Multilingual Memories of Migration. Students Interview Grandparents

In Austrian archives und oral history collections, migrant and post-migrant groups and their languages are considerably underrepresented. This fact contributes to the reproduction of a national hegemonic discourse that misses the country’s social diversity.

In the participatory project, students of the 9th up to the 12th grade (aged roughly 15 to 19) perform biographical interviews with members of the grandparent generation in their language of origin or in German, according to the interviewees’ choice. For that purpose, eight schools in Vienna and Lower Austria with a high proportion of post-migrant students were selected.

Students making the contact to their grandparents facilitates the approach to interviewees who might otherwise be hard to reach by researchers; and it enables a sampling of minimum social and institutional selectivity towards the migrant communities.

The students are introduced to the issue of social representativeness of historical sources and to the methods of oral history. They develop the questionnaires and perform the audio interviews in small work groups. They cope productively with their own multilingualism and train practices of translation.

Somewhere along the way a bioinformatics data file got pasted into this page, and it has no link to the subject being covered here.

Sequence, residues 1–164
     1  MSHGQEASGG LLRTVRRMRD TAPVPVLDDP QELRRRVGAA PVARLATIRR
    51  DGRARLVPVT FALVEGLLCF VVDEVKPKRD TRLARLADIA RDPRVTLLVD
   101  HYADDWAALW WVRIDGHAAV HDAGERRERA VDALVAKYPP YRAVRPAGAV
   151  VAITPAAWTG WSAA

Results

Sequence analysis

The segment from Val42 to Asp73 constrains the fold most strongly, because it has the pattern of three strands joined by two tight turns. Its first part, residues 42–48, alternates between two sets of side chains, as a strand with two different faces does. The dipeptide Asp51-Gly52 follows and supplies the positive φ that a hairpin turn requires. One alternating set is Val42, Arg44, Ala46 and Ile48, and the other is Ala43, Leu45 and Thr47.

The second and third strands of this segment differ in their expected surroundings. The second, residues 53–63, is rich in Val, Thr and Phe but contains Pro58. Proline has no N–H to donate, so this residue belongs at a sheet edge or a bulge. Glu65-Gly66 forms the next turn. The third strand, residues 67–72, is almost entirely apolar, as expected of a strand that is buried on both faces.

The project makes a considerable contribution to an Austrian “archive of migration” with sound recordings of around 70 biographical interviews in as many as 15 to 20 languages. The interviews are archived with full translations in the Austrian Mediathek and presented there in a web exhibition. This collection that can evolve, in its specific form, only from the collaboration with the students is the main project output and can serve as a basis for further research.

The interviews document a specific intergenerational memory as well as the students’ multilingualism, since the students have to manage the transfer from the German world of education to their family’s (or community’s) sphere of language and translate small sections of the interviews into German.

The participant researchers will analyze how in the interviews “migration” is explored and narrated:

  • how the students ask for migration according to the preconceptions
  • what the interviewees communicate from their biographical experience to the younger generation
  • and how the interviews develop in dialogue

Furthermore, the analysis will focus on how experiences of migration are mediated and translated in the multilingual space between the generations.

(Photocredit © Georg Traska)